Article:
That was a tantalizing look at what the Yankees could have if Stanton, Judge and Soto all get going at the same time. The Yankees have been better than many thought they would be without Gerrit Cole, but let’s not confuse them with underdogs: This team still has Soto/Judge/Stanton in its batting order. (As my colleague Mike Petriello has pointed out, that could be a Hall of Fame threesome.) The Yankees don’t need Stanton to be the MVP he once was. But when you see what he did this week against the Astros, it’s no wonder why they, and we, still dream he can.

4) returns, just in time
There is a general sense, for as impressive as the Brewers’ start has been, that a fall down the standings -- or at least out of first place in the NL Central -- is pending. This is a team that has traditionally relied on pitching, yet its current rotation behind ace Freddy Peralta features Colin Rea, Bryce Wilson, Joe Ross and Tobias Myers. The lineup is still raking (fifth in MLB in OPS, tied for eighth in runs per game), but is that sustainable? The trick for the Brewers to keep pace with the Cubs may be to continue to mash, which is why the return of Yelich this week may be so vital.

Until this week, Yelich hadn’t played since April 12 due to a recurrence of the back issues that have plagued him since his Marlins days. That interrupted his best start in years, as he put up a .333/.422/.744 slash line through 11 games. That start was particularly encouraging because that looks like a line from the version of Yelich who produced a 1.000 OPS in 2018 (and won the NL MVP Award) and then a 1.100 OPS in 2019 (when he finished second). That Yelich both got on base and hit for power.

The Yelich of the last few years certainly hasn’t been bad, but he hasn’t been the superstar the Brewers thought they had when they extended him through the 2028 season at superstar money. The Brewers are short a lot of players who were around for most of the past few years, players who were able to make up for Yelich’s lower production. Those players are gone now. Milwaukee would love it, now that he’s back, to be that MVP again. Wouldn’t it be great to see this Yelich once more?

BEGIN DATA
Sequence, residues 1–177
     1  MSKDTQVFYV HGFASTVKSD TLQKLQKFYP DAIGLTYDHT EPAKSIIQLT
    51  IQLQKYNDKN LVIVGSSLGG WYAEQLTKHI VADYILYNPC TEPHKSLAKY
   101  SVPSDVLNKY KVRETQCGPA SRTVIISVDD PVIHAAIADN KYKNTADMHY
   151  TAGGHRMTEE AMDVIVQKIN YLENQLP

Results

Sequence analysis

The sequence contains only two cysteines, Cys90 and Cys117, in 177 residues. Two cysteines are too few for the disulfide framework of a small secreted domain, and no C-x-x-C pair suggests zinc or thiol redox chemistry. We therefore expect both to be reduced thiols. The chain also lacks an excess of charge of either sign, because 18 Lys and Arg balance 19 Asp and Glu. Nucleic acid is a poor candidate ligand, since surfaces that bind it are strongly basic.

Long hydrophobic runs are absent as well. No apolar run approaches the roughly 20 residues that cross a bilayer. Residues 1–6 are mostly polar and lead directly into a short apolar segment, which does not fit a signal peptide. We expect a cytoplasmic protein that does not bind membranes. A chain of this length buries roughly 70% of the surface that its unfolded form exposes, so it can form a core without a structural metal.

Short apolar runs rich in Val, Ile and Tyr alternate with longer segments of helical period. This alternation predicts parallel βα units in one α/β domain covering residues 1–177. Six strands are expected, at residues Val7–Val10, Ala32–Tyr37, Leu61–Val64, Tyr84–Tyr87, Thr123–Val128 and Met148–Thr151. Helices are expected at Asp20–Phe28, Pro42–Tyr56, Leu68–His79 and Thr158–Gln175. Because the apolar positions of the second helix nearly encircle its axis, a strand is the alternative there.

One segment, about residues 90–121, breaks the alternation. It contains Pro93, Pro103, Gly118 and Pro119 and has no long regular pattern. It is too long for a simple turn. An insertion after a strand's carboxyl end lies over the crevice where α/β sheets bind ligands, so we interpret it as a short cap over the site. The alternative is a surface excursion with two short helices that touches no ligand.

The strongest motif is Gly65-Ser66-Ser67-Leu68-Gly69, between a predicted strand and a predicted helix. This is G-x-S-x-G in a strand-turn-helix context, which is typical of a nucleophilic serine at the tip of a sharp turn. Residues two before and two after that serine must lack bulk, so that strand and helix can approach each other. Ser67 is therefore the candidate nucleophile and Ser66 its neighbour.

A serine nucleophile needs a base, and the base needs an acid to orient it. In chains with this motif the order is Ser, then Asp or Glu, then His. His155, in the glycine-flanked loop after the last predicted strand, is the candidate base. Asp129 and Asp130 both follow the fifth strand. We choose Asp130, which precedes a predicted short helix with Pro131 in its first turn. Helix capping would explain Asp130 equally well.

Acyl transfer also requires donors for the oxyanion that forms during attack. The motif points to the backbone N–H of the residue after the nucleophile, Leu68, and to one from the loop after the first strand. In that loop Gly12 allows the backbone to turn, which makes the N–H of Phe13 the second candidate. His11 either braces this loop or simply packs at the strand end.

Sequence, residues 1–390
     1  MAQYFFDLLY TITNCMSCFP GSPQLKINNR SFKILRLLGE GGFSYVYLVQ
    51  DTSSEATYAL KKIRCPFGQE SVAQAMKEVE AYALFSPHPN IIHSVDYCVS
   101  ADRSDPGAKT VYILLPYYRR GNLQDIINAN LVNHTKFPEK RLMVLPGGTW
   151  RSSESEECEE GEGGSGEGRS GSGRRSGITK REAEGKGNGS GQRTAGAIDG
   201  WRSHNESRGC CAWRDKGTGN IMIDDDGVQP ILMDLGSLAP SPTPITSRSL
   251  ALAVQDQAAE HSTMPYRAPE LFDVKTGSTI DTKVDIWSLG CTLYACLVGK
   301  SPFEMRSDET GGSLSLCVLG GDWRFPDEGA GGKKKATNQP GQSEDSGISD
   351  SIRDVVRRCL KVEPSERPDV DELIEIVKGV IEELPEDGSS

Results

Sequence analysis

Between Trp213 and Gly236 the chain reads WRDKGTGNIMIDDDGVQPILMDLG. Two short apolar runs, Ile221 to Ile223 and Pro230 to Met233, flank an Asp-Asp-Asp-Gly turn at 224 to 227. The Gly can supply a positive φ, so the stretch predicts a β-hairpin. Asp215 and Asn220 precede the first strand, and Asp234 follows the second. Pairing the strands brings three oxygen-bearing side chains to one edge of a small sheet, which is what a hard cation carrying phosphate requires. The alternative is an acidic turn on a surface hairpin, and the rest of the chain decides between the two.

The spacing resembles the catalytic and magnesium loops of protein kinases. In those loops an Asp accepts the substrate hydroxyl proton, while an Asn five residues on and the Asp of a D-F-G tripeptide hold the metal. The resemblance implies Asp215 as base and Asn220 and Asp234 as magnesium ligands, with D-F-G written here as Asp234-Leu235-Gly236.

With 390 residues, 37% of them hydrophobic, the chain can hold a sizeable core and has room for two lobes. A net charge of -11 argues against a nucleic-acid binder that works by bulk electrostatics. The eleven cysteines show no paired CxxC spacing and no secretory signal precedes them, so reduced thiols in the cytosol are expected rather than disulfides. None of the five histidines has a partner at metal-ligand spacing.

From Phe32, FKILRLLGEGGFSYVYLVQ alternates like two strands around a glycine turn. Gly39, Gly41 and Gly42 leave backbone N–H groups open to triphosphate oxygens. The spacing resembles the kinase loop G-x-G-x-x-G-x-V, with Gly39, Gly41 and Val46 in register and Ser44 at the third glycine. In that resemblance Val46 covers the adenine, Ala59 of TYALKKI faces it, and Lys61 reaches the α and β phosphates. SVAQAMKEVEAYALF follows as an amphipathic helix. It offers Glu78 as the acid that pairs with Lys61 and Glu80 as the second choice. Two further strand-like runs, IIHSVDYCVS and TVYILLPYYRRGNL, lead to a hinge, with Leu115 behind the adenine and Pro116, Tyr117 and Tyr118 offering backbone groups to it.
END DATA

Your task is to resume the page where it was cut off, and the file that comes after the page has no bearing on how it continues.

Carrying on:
5) Those Nats are feisty!
The National League Wild Card race is going to be quite something this year. Whoever doesn’t win the NL East between the Phillies and Braves is going to get one spot, but the other two seem wildly up in the air. The leading contenders are whoever falls short of the NL Central title between the Cubs and Brewers for the second spot … and total chaos for the third spot. No other team is over .500, which means the third spot, heading into Thursday, was a three-way tie between the Padres, Mets and Nationals, all right there at .500.

Many Nats fans hoped they’d see some improvement this year, but it’s fair to say few saw a Wild Card run happening. There’s a little bit of smoke and mirrors here -- the Nats have been outscored by eight runs -- but as we learned from the 2023 D-backs, all you have to do is get in the tournament. So how are the Nats doing it? Their rotation has been better than anyone could have reasonably expected, with youngsters MacKenzie Gore and Mitchell Parker holding up well early and veteran addition Trevor Williams, of all people, starting out 4-0 with a 1.96 ERA. (Williams had a 5.55 ERA in 30 starts for the Nats last year.) But what’s most exciting is this lineup. CJ Abrams has emerged as a full-on star at the age of 23, hitting for more power than he ever has; he may well end up with a 30-30 season. But check out some of these other guys you might not even know:

Luis García Jr: .321, 7 SB, .865 OPS
Jacob Young: .301, .372 OBP, 12 SB
Ildemaro Vargas: .403 OBP
Jesse Winker: 4 HR, .367 OBP
Nick Senzel: 5 HR

That’s a lot more difficult a lineup for pitchers to face that anyone anticipated. The Nats looked particularly feisty in a two-game series split with the first-place Orioles this week, shutting them out (behind the apparently now-immortal Williams) on Tuesday and falling just short in an epic 12-inning clash on Wednesday. The Nats are the toughest opponent they’ve been since they won the 2019 World Series. And that might be just enough to keep them afloat in the NL Wild Card race.

Fun Series of the Weekend: D-backs at Orioles
All apologies to the debut of top pitching prospect Paul Skenes, which will definitely be Saturday’s must-watch game, but this is a fascinating series at this juncture of the season. The Orioles are having some bullpen issues that are making it harder to stave off the red-hot Yankees -- I have Orioles fans already texting me if I think Mason Miller is available -- but the more fascinating team here is probably Arizona. The D-backs have outscored their opponents this season, unlike their pennant-winning team of 2023, but they’re still two games under .500 and already 7 1/2 games behind the Dodgers. A sweep against the Reds may get them going, but that momentum, such as it is, could get stomped quickly by the juggernaut Orioles. This is a particularly pivotal stretch for the D-backs; get swept this weekend and a team that considers itself a World Series contender again could fall right back to fourth place.